Global Commentary and Think-Tank Analysis (Best of U.S., UK, and Israel):
  • The UN Human Rights Council Whitewashes Brutality - Nikki Haley
    Members of the UN Human Rights Council are - on paper - charged with "upholding the highest standards" of human rights. Does the Human Rights Council actually support human rights or is merely a showcase for dictatorships that use their membership to whitewash brutality?
        The United Nations must reclaim the legitimacy of this organization.
        The council must also end its practice of wrongly singling out Israel for criticism. When the council passes more than 70 resolutions against Israel, a country with a strong human rights record, and just seven resolutions against Iran, a country with an abysmal human rights record, you know something is seriously wrong.
        The author is the U.S. ambassador to the United Nations. (Washington Post)
  • Israel's 1967 Victory Is Something to Celebrate - Michael B. Oren
    Israelis are celebrating 50 years since the Six-Day War - and with good reason. That victory saved us from destruction and reunited our holiest city. Ultimately, it also brought us peace with Egypt and Jordan and a strategic alliance with the United States. The Palestinians, by contrast, are mourning a half-century of suffering.
        We'll hear a lot this week about occupation and lack of Palestinian independence. Israel has a clear policy on this score: It does not want to rule over another people and is ready to begin immediate negotiations. Yet while Palestinian leaders claim they support a two-state solution, until they state that they favor "two states for two peoples," affirming both Jewish and Palestinian peoplehood and rights, the conflict will tragically persist. It is only through mutual recognition that Israelis and Palestinians will both be able to celebrate, rather than mourn, future anniversaries. (New York Times)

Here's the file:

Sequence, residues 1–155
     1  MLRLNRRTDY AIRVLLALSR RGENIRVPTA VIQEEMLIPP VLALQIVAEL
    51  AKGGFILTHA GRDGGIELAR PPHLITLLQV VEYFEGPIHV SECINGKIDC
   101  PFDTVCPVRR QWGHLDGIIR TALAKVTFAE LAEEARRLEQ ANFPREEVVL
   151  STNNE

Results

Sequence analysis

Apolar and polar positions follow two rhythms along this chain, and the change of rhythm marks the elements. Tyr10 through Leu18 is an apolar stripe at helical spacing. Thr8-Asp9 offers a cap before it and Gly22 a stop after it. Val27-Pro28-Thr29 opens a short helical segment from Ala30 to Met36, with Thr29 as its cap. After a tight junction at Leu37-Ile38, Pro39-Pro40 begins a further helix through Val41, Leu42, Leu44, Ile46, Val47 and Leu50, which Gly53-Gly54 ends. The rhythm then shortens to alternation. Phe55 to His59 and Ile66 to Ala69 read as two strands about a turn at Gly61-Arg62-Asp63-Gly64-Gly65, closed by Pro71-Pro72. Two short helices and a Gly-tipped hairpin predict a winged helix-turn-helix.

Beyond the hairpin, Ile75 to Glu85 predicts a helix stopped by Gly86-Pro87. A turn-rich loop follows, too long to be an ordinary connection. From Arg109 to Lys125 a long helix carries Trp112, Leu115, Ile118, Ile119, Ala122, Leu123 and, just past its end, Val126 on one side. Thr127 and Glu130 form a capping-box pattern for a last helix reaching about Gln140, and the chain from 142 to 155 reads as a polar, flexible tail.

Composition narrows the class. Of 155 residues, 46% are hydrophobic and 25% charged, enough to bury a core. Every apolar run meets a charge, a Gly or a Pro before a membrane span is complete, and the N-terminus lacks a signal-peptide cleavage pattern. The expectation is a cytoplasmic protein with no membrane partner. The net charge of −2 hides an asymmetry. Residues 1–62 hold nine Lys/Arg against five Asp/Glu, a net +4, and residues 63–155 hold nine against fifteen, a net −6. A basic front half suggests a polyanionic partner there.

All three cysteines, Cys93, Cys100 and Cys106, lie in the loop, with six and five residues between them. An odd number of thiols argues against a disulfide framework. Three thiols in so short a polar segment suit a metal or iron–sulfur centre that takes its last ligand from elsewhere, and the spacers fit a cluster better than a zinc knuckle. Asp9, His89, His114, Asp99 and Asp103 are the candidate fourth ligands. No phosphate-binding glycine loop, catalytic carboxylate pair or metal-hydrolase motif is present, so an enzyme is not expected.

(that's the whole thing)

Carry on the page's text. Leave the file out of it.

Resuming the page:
Six Days and 50 Years of War - Bret Stephens (New York Times)

  • In June 1967 Arab leaders declared their intention to annihilate the Jewish state, and the Jews decided they wouldn't sit still for it. For the crime of self-preservation, Israel remains a nation unforgiven.
  • Unforgiven, Israel's milder critics say, because the Six-Day War, even if justified at the time, does not justify 50 years of occupation. They argue, also, that Israel can rely on its own strength as well as international guarantees to take risks for peace.This is ahistoric nonsense.
  • Before we fall prey to the lazy trope of "50 years of occupation," inevitably used to indict Israel, let's note the following:
  • There would have been no occupation, and no settlements, if Egypt and its allies hadn't recklessly provoked a war in 1967. Or if the "international community" hadn't fecklessly abandoned Israel in its desperate hours. Or if Jordan hadn't foolishly ignored Israel's warnings to stay out of it. Or if the Arab League hadn't arrogantly rejected the possibility of peace.
  • A Palestinian state would most likely exist if Arafat hadn't adopted terrorism as the calling card of Palestinian aspirations. Or if he hadn't rejected the offer of a state 17 years ago. Or if he hadn't renounced his renunciation of terror.
  • A Palestinian state would also most likely exist if Arafat's successor, Mahmoud Abbas - now in the 13th year of his elected four-year term - hadn't rejected it again nine years ago, and if Gazans hadn't turned their territory into a terrifying model of Palestinian statehood, and if the United Nations didn't treat Hamas's attacks on Israel as a nuisance but Israel's self-defense as a crime against humanity.
  • Israel needs a Palestinian state to safeguard its democratic future - in the long term. But the character of such a state matters at least as much as its mere existence. The Middle East doesn't need another failed state in its midst. Israel doesn't need another Hamastan on its border. Palestinians in the West Bank don't need it over their heads.
  • In 1967 Israel was forced into a war against enemies who then begrudged it the peace. Egypt, at least, found its Sadat. The drama of the Six-Day War will close when Palestinians find theirs.